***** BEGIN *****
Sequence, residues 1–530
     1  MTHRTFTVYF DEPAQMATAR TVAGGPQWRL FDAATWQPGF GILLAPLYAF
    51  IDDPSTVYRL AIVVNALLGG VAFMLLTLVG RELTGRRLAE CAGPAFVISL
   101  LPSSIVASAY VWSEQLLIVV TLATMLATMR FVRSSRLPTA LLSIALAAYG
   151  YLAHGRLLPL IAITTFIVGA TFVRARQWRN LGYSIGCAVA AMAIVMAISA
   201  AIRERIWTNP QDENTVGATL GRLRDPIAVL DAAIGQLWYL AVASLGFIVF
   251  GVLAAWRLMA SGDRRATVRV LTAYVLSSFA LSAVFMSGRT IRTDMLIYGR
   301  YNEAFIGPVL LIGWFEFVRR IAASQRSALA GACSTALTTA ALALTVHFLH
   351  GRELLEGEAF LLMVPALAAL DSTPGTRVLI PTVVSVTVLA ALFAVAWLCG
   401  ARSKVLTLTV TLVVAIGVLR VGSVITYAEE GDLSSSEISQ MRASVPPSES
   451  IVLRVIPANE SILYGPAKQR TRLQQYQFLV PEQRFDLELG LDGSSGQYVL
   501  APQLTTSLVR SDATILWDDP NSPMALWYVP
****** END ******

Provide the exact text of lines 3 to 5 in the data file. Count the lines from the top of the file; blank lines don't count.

    51  IDDPSTVYRL AIVVNALLGG VAFMLLTLVG RELTGRRLAE CAGPAFVISL
   101  LPSSIVASAY VWSEQLLIVV TLATMLATMR FVRSSRLPTA LLSIALAAYG
   151  YLAHGRLLPL IAITTFIVGA TFVRARQWRN LGYSIGCAVA AMAIVMAISA